I’ve been working on a little gadget for a while now, and today I finally got around to completing it and so now I’ve published it for everyone to try out. It’s a web API (wait, wait, don’t go away – it’s for database people!) that creates a randomized list of names, addresses, etc.
In this post, I’ll show you how easy it is to use this service to anonymize a development or test database so you don’t have all that personally identifiable information floating around.
Getting some anonymous records
Check out anonymize.strd.co, where you can design your simple web API call. You can use that URL in your browser, with Powershell, or with any custom application that can request a URL and read JSON data.
I’ve rate-limited the service to only return a handful of rows for every 60 seconds, so if you want more rows, you’ll need a free API key.
I’m going to start by fetching a number of anonymized user records using Powershell and putting them in a variable:
$rowset = (Invoke-WebRequest ` -Uri "https://anonymize.strd.co/json?culture=US&rows=100").Content ` | ConvertFrom-Json
Once we have that in place, let’s use the absolutely outstanding DBATools Powershell module to load them into a staging table in your database, with just one easy command.
Write-DbaDataTable ` -InputObject $rowset ` -SqlInstance SERVER01 ` -Table "DatabaseName.dbo.CustomerMap"
I’m assuming that this table already exists, but if you want to automatically create it, just add “-AutoCreateTable” to the command. There are a bunch of other ways to load data into a table, including ETL tools; to each their own.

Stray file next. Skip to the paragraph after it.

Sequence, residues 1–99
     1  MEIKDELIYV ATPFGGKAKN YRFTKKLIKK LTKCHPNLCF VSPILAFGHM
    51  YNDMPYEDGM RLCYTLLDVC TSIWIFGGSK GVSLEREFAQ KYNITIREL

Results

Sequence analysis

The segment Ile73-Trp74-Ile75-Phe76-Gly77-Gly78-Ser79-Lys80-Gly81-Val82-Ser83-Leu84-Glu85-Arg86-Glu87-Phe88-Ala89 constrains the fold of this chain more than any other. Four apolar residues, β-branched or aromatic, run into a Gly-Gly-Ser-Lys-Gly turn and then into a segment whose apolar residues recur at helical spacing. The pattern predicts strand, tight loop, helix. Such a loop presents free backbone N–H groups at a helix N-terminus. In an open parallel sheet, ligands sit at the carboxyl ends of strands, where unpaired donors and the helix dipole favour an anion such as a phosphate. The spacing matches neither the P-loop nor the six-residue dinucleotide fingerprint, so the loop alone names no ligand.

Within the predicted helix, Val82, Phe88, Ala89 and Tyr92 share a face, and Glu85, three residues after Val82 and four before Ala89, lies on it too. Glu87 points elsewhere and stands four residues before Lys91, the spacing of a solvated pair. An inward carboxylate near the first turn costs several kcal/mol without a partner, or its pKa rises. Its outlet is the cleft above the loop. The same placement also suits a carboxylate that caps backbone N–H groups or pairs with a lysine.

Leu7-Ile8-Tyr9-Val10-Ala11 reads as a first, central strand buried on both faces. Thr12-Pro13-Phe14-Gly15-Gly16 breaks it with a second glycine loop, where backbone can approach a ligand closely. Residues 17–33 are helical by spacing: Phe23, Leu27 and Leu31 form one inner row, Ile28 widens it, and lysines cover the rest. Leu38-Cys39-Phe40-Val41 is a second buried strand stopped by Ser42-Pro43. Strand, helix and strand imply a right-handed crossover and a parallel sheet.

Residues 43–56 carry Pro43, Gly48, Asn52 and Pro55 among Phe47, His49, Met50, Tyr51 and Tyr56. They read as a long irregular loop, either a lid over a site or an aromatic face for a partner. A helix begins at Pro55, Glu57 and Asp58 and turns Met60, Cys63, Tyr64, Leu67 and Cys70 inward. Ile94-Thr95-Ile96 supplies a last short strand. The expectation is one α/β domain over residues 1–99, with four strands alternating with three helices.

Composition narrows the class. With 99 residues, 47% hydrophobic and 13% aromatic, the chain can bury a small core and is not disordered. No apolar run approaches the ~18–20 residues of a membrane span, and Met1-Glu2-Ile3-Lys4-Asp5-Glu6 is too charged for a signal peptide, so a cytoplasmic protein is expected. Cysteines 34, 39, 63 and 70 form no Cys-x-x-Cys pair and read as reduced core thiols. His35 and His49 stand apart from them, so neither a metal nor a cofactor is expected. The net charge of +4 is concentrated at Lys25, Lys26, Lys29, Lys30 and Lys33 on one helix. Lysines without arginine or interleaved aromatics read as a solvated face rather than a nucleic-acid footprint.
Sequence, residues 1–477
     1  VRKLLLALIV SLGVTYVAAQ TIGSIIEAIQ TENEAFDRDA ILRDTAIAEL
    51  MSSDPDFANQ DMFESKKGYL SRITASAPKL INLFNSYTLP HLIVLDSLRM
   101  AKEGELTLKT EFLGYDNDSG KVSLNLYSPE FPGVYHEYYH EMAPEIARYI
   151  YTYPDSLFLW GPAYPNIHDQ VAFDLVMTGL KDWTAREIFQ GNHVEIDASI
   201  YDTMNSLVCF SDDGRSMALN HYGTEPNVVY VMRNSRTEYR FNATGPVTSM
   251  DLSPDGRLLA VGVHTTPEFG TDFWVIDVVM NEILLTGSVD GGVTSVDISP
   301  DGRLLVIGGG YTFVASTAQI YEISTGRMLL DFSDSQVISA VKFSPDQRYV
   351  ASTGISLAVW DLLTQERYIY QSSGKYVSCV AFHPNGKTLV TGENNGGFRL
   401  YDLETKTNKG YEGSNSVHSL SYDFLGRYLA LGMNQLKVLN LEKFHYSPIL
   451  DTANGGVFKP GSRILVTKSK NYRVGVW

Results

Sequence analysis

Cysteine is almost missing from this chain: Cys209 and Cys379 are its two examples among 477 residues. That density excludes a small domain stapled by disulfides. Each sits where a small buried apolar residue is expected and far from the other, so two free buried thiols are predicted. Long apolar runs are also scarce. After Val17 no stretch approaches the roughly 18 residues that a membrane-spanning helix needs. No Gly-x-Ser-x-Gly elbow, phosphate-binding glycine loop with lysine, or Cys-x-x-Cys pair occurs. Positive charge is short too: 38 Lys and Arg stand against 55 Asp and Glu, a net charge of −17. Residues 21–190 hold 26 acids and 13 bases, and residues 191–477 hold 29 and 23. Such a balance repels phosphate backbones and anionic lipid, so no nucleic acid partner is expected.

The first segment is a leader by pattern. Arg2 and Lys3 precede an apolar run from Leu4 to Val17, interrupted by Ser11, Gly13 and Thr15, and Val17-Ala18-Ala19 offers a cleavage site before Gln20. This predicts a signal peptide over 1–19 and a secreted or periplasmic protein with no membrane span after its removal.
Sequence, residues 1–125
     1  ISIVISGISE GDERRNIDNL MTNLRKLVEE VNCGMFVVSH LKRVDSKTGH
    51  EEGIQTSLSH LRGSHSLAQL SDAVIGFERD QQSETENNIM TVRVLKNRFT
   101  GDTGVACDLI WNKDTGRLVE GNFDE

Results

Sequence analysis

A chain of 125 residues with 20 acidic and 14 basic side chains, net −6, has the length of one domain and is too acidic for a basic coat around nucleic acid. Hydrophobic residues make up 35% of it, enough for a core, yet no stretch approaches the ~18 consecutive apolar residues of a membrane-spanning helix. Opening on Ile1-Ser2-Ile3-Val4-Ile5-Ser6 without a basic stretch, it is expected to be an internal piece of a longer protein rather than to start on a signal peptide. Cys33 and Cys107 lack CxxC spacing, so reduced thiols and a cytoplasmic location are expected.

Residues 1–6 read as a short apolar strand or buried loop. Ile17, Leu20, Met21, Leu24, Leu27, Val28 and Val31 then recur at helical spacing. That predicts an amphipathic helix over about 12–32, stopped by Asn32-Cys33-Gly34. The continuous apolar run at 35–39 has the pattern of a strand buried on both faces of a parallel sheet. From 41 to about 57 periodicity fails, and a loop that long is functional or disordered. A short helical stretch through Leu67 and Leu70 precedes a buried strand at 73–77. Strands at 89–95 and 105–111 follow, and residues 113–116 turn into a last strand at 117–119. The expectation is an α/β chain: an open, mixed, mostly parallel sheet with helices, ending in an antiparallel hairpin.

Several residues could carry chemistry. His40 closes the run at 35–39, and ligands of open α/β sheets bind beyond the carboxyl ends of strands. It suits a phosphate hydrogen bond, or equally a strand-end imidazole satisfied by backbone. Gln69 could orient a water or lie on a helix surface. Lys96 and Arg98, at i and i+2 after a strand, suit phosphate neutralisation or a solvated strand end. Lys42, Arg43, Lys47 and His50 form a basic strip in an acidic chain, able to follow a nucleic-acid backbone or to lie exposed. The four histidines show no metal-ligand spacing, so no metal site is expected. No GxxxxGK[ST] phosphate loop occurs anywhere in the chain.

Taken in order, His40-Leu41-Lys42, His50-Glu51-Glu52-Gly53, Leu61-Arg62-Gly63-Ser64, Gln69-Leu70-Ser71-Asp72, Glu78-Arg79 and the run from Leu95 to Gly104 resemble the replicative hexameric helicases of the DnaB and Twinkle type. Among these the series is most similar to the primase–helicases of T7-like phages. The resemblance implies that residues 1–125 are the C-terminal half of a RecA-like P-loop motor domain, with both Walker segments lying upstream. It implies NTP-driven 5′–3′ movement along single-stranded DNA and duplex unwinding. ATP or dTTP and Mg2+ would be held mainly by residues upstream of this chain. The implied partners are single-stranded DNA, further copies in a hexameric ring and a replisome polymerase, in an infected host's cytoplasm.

Replacing actual names with the fake ones
From here on, it’s just a simple T-SQL command to replace your sensitive customer information with the made-up data in the staging table.
WITH cust AS ( SELECT ROW_NUMBER() OVER (ORDER BY ID) AS _rownum, * FROM dbo.Customers) UPDATE cust SET cust.FirstName=fake.FirstName, cust.LastName=fake.FirstName, cust.[Address]=fake.[Address], cust.ZipCode=fake.ZipCode FROM cust INNER JOIN dbo.CustomerMap AS fake ON cust._rownum=fake.ID;
The ID column of the API dataset is an incremental key that starts with 1, so irrespective of what primary key you use in your live table, you can apply a ROW_NUMBER() function to get a matching key that you can join the two on.
Needless to say, the actual names and table definitions of your live customer table(s) will vary, so you’ll need to plan accordingly. You’ll also need to have enough records in the staging table to match all of your customer records!
Call for volunteers!
I’ve compiled statistically accurate data from official census sources for the US and Sweden, so that you can get realistic-looking data for those two countries, but if you want your country’s names and places featured here, please send me as detailed information as you can gather on your region’s population. Here’s an idea what I’m looking for:
- distributions by age and gender of:
- the 100 most common women’s and men’s names
- population per state/region/postal code/similar
- how national IDs are formatted/created, including checksums
- how streets are named
And, of course, if there’s something else that you think might be an easy fix, please let me know.